Once you have covered your ABCs, you must determine the burn severity using the rule of nines as discussed earlier. This will allow you to determine your transport decision and what level of care your patient should receive, such as a burn center, trauma center or your local hospital. According to the American Burn Association, patients should be taken to a burn center if they meet any of the following criteria:
- Partial-thickness burn of more than 10% of the body surface area
- Burns that involve the face, hands, feet, genitalia, perineum, or major joints
- Full-thickness burns in any age group
- Electrical burns, including lighting
- Chemical burns
- Inhalation burns
Be sure to know where the burn centers are in your area and follow your burn protocols for transportation to one of these centers.
Once you have determined the severity of the burn and where you will be transporting the patient, you will need to do a secondary assessment and obtain a history. Look for any other injuries that may have occurred in addition to the patient getting burned that might require rapid treatment. Do a thorough head-to-toe exam, checking the eyes for injury or burn and apply moist sterile pads if necessary. Check the neck, chest, and extremities for circumferential burns because they have the potential to cut circulation to parts of the body. Check pulses often and try to get a set of vitals.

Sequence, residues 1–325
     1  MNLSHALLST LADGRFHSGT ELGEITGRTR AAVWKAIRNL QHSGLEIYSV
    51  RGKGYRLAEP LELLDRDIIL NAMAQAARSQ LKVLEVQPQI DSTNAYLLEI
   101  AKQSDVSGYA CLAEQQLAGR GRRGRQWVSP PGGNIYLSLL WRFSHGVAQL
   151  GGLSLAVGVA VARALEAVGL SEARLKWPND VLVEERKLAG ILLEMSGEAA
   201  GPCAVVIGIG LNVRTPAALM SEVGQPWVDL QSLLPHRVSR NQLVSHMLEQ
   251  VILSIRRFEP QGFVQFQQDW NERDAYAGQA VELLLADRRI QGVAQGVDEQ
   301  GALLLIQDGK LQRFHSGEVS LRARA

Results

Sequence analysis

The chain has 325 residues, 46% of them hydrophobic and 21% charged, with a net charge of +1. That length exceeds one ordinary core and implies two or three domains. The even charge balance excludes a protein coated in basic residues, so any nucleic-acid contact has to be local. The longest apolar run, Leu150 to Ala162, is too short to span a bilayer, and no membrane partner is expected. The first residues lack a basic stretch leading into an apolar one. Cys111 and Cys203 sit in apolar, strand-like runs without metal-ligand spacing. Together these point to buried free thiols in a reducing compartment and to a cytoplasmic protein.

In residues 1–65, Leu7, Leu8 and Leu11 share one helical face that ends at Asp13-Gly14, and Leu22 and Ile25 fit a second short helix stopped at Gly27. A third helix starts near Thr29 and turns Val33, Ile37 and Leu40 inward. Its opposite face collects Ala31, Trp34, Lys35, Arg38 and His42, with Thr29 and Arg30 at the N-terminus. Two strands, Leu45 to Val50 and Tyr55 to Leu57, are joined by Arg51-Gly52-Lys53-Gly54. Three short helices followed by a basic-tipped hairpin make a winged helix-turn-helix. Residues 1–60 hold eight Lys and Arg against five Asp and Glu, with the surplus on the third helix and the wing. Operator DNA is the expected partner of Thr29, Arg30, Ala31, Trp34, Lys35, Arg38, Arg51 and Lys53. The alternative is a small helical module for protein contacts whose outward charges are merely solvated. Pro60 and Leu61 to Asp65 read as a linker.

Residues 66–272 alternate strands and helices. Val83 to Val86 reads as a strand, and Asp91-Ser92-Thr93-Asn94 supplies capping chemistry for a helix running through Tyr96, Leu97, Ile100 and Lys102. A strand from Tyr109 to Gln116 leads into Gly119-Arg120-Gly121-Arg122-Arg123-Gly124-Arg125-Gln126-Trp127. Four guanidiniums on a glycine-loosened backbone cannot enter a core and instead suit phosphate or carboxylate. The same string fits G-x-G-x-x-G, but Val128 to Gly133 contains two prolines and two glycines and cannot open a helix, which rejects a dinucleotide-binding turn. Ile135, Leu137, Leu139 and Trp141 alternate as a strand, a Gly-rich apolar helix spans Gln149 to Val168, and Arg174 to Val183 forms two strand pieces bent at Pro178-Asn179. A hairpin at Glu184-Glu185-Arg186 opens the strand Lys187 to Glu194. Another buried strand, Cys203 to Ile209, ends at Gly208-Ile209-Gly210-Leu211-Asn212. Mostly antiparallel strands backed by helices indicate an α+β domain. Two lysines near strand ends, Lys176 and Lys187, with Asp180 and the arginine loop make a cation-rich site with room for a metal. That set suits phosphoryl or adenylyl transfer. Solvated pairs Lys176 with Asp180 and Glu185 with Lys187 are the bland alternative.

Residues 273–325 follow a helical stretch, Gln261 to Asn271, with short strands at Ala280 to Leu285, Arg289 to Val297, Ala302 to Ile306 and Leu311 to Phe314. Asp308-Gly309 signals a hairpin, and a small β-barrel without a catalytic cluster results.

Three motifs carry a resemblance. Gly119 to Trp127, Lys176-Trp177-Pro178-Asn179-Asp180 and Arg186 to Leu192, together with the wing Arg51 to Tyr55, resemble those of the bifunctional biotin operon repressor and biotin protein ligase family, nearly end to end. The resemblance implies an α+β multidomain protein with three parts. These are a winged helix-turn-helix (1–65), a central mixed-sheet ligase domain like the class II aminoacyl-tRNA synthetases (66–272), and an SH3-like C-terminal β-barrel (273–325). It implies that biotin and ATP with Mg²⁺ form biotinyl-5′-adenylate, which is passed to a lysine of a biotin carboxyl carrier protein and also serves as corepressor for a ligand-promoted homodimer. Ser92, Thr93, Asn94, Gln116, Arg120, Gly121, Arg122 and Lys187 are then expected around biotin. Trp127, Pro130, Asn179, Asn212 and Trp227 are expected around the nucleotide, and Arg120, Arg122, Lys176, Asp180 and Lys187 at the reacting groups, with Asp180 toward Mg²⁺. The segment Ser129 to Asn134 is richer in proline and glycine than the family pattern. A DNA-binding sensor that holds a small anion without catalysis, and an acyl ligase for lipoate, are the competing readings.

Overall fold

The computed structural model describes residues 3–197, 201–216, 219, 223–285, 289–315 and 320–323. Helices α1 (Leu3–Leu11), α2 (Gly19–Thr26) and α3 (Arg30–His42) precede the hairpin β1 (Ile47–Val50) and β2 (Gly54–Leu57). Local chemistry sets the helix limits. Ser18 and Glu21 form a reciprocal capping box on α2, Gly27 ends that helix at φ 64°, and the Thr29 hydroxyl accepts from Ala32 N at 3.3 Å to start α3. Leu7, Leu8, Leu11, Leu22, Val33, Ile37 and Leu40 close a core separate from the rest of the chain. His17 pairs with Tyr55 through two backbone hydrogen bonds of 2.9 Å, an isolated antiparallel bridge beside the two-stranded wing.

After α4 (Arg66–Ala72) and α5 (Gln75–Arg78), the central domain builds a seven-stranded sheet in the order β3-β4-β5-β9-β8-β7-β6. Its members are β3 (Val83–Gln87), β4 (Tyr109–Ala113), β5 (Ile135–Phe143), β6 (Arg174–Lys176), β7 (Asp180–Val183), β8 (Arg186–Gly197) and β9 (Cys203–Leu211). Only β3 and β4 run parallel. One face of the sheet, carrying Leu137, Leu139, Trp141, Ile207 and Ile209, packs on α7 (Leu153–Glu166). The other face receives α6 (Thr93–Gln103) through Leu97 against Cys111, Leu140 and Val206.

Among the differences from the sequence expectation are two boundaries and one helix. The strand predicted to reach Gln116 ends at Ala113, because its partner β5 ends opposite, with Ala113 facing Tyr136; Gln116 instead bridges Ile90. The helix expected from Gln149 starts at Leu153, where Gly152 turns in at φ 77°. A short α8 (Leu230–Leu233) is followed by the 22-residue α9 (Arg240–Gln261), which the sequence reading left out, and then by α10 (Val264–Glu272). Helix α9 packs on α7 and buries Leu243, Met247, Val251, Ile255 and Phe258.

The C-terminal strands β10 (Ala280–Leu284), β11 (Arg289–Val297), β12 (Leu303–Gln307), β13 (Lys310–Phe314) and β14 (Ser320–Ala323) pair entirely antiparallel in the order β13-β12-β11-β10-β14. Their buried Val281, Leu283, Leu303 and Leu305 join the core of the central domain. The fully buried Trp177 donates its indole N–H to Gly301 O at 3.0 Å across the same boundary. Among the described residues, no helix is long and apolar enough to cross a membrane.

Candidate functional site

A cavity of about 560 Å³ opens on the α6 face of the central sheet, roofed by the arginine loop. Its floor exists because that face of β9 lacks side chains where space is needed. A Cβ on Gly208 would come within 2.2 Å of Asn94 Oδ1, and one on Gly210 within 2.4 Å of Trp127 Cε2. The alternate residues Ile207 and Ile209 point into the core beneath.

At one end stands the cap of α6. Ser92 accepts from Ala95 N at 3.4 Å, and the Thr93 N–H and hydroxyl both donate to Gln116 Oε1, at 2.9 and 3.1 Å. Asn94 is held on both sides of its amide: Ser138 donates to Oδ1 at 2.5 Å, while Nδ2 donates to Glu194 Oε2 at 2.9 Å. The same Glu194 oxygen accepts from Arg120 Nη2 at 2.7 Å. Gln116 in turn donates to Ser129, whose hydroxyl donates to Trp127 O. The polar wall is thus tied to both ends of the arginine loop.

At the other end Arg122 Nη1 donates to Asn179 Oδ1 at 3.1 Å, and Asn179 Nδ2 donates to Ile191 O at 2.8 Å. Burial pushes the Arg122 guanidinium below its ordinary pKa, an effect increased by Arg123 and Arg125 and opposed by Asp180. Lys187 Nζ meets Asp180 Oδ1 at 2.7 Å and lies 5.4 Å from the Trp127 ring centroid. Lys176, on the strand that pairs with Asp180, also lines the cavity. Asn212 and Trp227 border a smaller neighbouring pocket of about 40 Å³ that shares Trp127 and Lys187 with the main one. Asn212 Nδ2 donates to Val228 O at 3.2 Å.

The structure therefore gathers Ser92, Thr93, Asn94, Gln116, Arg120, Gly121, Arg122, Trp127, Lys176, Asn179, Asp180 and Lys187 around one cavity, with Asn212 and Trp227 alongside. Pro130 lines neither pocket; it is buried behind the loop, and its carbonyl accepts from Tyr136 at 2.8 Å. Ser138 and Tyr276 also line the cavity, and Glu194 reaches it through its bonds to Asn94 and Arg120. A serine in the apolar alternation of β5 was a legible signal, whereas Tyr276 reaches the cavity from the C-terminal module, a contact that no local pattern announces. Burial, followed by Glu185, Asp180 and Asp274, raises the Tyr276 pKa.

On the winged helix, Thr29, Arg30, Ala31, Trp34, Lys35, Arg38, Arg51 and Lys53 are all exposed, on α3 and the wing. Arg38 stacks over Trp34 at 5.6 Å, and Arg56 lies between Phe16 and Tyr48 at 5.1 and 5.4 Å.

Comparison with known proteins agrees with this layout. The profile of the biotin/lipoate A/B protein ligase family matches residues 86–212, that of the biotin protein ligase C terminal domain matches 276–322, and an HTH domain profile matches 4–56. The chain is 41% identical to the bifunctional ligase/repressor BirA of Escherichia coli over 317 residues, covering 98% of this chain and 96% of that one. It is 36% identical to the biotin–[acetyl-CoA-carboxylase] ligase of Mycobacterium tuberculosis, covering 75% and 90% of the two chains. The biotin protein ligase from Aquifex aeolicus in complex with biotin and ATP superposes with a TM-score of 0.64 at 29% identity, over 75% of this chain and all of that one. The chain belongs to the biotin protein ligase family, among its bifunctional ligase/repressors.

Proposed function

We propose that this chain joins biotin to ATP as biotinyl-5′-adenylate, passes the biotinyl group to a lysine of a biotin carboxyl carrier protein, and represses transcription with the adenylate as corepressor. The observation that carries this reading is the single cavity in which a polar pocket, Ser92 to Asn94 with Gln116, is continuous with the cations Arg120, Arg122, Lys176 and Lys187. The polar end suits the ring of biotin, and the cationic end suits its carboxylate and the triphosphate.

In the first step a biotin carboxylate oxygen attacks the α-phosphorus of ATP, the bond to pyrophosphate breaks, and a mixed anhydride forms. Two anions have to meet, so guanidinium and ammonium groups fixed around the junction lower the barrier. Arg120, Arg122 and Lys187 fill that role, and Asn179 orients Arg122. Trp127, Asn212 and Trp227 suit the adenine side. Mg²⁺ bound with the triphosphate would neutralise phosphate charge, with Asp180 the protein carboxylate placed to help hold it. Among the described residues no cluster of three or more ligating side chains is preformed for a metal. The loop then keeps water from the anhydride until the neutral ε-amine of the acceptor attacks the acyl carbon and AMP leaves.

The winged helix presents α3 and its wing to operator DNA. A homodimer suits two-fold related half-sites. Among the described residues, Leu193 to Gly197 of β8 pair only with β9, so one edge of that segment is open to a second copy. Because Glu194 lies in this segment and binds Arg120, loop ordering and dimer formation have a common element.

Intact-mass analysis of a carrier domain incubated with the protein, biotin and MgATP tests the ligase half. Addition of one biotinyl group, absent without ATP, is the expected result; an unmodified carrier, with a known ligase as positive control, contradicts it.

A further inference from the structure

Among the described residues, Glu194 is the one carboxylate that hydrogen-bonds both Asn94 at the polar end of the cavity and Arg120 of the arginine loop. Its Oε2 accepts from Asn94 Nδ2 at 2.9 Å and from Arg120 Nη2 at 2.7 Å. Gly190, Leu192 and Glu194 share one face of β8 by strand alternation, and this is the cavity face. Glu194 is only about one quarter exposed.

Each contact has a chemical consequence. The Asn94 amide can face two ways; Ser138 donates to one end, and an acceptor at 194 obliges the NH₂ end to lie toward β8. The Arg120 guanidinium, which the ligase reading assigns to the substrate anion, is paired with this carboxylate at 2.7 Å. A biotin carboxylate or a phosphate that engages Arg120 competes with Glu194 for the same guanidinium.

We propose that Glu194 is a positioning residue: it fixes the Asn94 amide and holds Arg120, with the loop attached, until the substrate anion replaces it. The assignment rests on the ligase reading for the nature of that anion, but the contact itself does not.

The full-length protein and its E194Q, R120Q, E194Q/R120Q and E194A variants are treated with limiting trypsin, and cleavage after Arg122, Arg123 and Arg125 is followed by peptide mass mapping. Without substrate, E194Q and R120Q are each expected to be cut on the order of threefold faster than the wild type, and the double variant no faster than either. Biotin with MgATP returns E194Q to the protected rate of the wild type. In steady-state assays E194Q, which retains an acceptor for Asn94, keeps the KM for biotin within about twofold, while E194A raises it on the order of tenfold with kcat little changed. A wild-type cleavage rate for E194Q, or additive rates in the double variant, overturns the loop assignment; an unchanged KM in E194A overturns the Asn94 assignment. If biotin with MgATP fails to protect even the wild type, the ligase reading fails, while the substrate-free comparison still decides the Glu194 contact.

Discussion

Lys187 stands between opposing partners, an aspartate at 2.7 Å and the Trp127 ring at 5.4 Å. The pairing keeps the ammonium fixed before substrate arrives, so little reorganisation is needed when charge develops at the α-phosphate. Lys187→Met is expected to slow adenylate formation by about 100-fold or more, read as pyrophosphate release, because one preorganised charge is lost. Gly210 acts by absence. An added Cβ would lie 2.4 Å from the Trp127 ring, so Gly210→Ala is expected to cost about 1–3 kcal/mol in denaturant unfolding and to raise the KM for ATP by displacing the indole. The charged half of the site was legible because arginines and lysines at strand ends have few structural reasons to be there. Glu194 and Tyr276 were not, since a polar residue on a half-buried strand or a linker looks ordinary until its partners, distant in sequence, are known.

Next, you will begin management of the burns. Assess the burns for swelling, color, pain or absence of pain, blisters, capillary refill, bleeding and overall appearance. For superficial and partial thickness burns, cool the burns using water or wet sterile dressing and then cover with a dry sterile dressing. Do not use creams or ointments and do not rupture any blisters. Elevate burned area if possible to reduce edema. For full-thickness burns, complete a pain assessment and administer pain medications if it is in your scope. Wrap the burns in a dry sterile dressing.
Be sure to reassess the patient's vitals every 5 minutes if they are critical and every 15 for lower priority.